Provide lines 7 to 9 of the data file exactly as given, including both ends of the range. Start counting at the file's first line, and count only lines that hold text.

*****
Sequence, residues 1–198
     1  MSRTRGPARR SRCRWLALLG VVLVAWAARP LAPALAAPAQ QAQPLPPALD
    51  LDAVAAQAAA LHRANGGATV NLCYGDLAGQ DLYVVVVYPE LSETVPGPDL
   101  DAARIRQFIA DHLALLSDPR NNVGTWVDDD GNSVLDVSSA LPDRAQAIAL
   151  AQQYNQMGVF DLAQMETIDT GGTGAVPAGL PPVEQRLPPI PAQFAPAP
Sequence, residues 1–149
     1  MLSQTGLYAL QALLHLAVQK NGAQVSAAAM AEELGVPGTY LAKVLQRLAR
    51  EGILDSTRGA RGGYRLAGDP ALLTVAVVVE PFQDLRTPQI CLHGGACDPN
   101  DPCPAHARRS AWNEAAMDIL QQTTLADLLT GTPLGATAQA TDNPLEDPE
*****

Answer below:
     1  MLSQTGLYAL QALLHLAVQK NGAQVSAAAM AEELGVPGTY LAKVLQRLAR
    51  EGILDSTRGA RGGYRLAGDP ALLTVAVVVE PFQDLRTPQI CLHGGACDPN
   101  DPCPAHARRS AWNEAAMDIL QQTTLADLLT GTPLGATAQA TDNPLEDPE